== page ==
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  #46  
Old 11-19-2012, 09:59 AM
SI1020 SI1020 is offline
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Originally Posted by chicagowhitesox1 View Post
I could be wrong on this but Brett Lawrie was on his way to having a monster WAR season and most of it was due to his defense. The BlueJays would often position him in the outfield which made his range seem far greater which made him look like Brooks Robinson on paper. If this is correct then by all means you are right.

It's hard for me to believe that in 16 seasons Konerko has only gotten a 25.3 career WAR. Meanwhile in 7 seasons Ben Zobrist has gotten a 25.4 career WAR. There's no way Ben Zobrist has had a better career than Konerko. I don't disagree with Zobrist's numbers but I do disagree with how Konerko is viewed and it is because of his defense for the most part on why he is so low.
If I had the time and energy I could point out countless examples going all the way back to Bill James' original big hit Total Baseball. I'd also like to point out AGAIN, that way back in the Stone Age when I first began to play and follow baseball it was not unknown that the metrics we used (we didn't call them that) were flawed. My all time favorite White Sox player is Billy Pierce. I never thought that Whitey Ford was that much better than Pierce, if in fact he was better at all. It's easier to pitch when Mantle, Maris, Skowron, Berra, Howard etc have staked you to an early 3-5 run lead then when you know if you make one big mistake you're probably going to lose. Pierce is one player that really suffered in the HOF voting because of strict adherence to the established ways of looking at players. Back to Konerko. If there's one thing I want defensively from my 1B man it is to dig out those errant throws. He's not a Vic Power or George Scott when it comes to that, but he's damn good. Another reason why you can look fish eyed at your other infielders fielding percentages, they can be so much at the mercy of your 1B man. Even one like Konerko who is considered a dog by the saber people.

Last edited by SI1020; 11-19-2012 at 10:06 AM.
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  #47  
Old 11-19-2012, 11:13 AM
Zisk77 Zisk77 is offline
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The problem is with defensive metrics is that they consider range. However, 1b is a reaction and not a range position. All 1b man with range do is take balls away from easy chances for 2nd baseman and forces pitchers to cover the bag because the 1b man is out of position.
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  #48  
Old 11-19-2012, 12:22 PM
SI1020 SI1020 is offline
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Originally Posted by doublem23 View Post
WAR is influenced by position so if 2 players have identical stat lines, but one is a middle infielder while the other is a first baseman, the middle infielder's WAR will be higher than the 1B since you expect to generate a lot more offense from your corner IF/OF than your infielders. Zobrist has played over 60% of his career games either at 2B or SS, so his offensive contributions are generally much greater than the league average middle infielder than Konerko, who, for most of his career, was just kind of an average offensive 1B.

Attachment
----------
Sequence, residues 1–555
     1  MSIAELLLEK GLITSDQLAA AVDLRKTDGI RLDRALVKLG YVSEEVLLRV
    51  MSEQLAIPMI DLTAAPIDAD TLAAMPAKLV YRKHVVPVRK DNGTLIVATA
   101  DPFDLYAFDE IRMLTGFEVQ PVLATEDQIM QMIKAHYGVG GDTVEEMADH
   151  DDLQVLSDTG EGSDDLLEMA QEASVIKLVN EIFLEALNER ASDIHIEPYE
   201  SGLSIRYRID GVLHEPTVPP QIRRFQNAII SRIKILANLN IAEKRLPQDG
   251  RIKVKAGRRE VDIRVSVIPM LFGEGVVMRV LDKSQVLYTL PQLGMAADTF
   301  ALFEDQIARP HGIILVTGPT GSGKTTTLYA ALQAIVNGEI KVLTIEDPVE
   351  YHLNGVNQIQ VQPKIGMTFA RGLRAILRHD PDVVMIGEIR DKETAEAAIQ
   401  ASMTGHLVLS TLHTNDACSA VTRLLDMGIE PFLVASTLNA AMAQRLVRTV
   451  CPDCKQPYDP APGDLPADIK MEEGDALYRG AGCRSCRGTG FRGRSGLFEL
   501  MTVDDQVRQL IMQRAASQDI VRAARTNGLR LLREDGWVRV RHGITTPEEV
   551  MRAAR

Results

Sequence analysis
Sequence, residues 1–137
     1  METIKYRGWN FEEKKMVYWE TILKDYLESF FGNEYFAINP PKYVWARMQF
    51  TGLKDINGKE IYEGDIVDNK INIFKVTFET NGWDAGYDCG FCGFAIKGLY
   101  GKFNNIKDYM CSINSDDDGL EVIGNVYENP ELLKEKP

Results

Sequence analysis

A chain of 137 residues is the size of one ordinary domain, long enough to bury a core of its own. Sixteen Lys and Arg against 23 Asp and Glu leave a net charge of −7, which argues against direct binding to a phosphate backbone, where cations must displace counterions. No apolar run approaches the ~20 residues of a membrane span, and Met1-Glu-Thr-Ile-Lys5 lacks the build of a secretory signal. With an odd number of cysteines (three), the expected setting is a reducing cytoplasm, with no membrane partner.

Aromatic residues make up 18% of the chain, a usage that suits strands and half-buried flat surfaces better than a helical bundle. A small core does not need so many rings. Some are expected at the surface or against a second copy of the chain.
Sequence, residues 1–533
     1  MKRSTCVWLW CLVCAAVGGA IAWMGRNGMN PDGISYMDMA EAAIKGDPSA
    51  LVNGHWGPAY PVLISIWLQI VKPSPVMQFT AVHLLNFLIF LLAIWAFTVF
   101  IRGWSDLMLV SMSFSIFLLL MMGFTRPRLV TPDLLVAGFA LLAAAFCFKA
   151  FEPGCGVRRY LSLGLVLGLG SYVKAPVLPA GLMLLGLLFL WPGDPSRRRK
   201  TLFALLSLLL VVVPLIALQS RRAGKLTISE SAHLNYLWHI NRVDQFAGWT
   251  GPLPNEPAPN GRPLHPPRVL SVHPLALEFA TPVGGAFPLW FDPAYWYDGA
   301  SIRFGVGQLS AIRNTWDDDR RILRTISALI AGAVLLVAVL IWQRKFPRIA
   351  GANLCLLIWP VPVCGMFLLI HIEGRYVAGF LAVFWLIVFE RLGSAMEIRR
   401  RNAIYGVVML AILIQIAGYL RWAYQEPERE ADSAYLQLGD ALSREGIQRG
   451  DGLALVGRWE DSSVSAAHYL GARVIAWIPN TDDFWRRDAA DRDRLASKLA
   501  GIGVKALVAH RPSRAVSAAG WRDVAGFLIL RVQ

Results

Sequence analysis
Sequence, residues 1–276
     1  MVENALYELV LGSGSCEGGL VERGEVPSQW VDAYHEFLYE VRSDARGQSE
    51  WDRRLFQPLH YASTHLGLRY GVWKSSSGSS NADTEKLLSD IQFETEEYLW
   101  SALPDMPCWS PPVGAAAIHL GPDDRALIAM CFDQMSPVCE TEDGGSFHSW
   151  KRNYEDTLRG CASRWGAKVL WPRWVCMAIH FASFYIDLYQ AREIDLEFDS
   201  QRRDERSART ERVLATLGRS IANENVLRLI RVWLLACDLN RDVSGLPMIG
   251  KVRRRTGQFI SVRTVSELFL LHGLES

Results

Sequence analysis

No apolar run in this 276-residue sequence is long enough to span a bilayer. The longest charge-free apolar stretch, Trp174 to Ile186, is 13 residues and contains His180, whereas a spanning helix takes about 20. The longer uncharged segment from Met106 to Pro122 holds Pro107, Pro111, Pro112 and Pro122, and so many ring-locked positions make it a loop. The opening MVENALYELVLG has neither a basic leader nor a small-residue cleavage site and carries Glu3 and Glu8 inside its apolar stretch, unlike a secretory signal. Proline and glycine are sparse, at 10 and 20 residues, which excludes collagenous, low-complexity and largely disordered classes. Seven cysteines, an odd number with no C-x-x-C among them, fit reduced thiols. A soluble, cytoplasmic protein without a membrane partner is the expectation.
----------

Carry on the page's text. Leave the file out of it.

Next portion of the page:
They totally mangled their computations. On a whim it seems. The radical shifting of WAR ratings and rankings, particularly DWAR last spring rendered them useless in my opinion. This is what I meant by the Winston Smith remark. As Frater said we're not afraid of math, or of progress I might add. This is just BS. Lipstick on a pig.
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  #49  
Old 11-19-2012, 12:42 PM
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They totally mangled their computations. On a whim it seems. The radical shifting of WAR ratings and rankings, particularly DWAR last spring rendered them useless in my opinion. This is what I meant by the Winston Smith remark. As Frater said we're not afraid of math, or of progress I might add. This is just BS. Lipstick on a pig.
If you have some understanding of what these stats are measuring and how they are formulated, and still don't want to put any stock into them, that is fine. Who am I to judge? I find batting average, pitcher's W-L record, and fielding percentage to all be increadibly useless, archiac numbers with no actual meaning. If that is how you feel about WAR and dWAR, that's just your opinion. As long as it is coming from a position of knowledge and not ignorance, is all right. I only object to the small (but vocal) sect of people who simply refute new, sabremetric stats as mental masturbation that is the work of demon number wizardry.
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  #50  
Old 11-19-2012, 01:46 PM
WhiteSox5187 WhiteSox5187 is offline
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But that's the point, errors don't tell you anything that you don't need to verify with your own two eyes. Obviously I can tell you who are good and bad defenders on the Sox because I watch them 140-150 times per year, but I can't do that for the other 29 teams. I can't tell you how many times in the last 50-60 games this past year that a ball would be sharply hit in the direction of 3B that Youkilis would just simply watch go by him becauss he had literally no lateral movement left in his legs. No error, because he didn't come close to making any kind of play, but a ball you would clearly expect a MLB 3B to at least knock down, if not have a shot at. I don't know what Youkilis's fielding percentage was last year for the Sox (again, because, who cares?) but I can tell you he was a crappy 3B for most of the 2nd half.